The micro-architecture of human cancellous bone from fracture neck of femur patients in relation to the structural integrity and fracture toughness of the tissue
© 2015 The Authors. Published by Elsevier Inc. This is an open access article under the CC BY license (http://creativecommons.org/licenses/by/4.0/).
Osteoporosis is clinically assessed from bone mineral density measurements using dual energy X-ray absorption (DXA). However, these measurements do not always provide an accurate fracture prediction, arguably because DXA does not grapple with 'bone quality', which is a combined result of microarchitecture, texture, bone tissue properties, past loading history, material chemistry and bone physiology in reaction to disease. Studies addressing bone quality are comparatively few if one considers the potential importance of this factor. They suffer due to low number of human osteoporotic specimens, use of animal proxies and/or the lack of differentiation between confounding parameters such as gender and state of diseased bone. The present study considers bone samples donated from patients (n. = 37) who suffered a femoral neck fracture and in this very well defined cohort we have produced in previous work fracture toughness measurements (FT) which quantify its ability to resist crack growth which reflects directly the structural integrity of the cancellous bone tissue. We investigated correlations between BV/TV and other microarchitectural parameters; we examined effects that may suggest differences in bone remodelling between males and females and compared the relationships with the FT properties. The data crucially has shown that TbTh, TbSp, SMI and TbN may provide a proxy or surrogate for BV/TV. Correlations between FT critical stress intensity values and microarchitecture parameters (BV/TV, BS/TV, TbN, BS/BV and SMI) for osteoporotic cancellous tissue were observed and are for the first time reported in this study. Overall, this study has not only highlighted that the fracture model based upon BMD could potentially be improved with inclusion of other microarchitecture parameters, but has also given us clear clues as to which of them are more influential in this role.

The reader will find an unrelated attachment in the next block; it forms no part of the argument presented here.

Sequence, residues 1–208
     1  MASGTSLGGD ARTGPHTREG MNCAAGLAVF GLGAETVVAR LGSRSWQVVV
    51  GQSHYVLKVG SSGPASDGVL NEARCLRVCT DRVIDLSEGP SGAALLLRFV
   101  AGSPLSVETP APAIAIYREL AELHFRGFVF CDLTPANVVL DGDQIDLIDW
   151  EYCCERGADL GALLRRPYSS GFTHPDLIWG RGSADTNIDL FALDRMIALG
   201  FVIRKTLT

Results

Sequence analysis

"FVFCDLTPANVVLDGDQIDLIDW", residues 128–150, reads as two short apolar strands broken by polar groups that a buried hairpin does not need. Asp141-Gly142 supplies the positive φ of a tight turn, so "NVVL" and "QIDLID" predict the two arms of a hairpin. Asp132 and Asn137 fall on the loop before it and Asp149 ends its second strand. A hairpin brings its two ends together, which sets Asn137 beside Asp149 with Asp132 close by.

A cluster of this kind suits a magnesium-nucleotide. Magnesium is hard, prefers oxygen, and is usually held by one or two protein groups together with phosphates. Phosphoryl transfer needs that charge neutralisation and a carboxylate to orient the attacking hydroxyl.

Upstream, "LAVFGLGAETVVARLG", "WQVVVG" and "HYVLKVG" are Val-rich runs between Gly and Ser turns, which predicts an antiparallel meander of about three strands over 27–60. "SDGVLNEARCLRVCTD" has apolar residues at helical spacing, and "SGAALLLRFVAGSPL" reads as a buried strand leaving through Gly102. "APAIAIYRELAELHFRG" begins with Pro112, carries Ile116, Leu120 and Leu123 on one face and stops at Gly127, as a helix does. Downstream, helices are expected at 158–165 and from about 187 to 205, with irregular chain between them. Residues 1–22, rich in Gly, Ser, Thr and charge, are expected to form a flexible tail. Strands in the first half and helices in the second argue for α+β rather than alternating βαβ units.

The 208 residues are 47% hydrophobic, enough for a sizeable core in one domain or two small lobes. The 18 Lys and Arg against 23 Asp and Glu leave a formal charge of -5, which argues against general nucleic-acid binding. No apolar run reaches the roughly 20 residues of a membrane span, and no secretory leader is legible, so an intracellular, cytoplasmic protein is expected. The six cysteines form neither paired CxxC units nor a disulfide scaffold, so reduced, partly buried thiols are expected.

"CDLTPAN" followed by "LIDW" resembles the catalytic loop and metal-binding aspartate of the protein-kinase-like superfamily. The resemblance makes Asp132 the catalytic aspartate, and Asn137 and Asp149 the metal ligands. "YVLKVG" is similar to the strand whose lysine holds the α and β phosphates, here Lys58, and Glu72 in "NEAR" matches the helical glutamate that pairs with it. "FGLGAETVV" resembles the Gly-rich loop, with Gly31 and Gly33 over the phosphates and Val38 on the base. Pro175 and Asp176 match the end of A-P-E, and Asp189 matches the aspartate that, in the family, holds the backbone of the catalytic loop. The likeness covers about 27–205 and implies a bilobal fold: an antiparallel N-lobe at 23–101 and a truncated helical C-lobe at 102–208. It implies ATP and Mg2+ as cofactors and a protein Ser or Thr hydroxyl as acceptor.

This programme of work is funded by an EPSRC research grant (EP/ K020196: Point-of-Care High Accuracy Fracture Risk Prediction). PZ acknowledges the support provided by the UK Department of Transport under the BOSCOS (Bone Scanning for Occupant Safety) project for which the human material was obtained in the Gloucester and Cheltenham NHS Trust hospitals under ethical consent (BOSCOS — Mr. Curwen CI REC ref. 01/179G)
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Vol. 3, pp. 67 - 75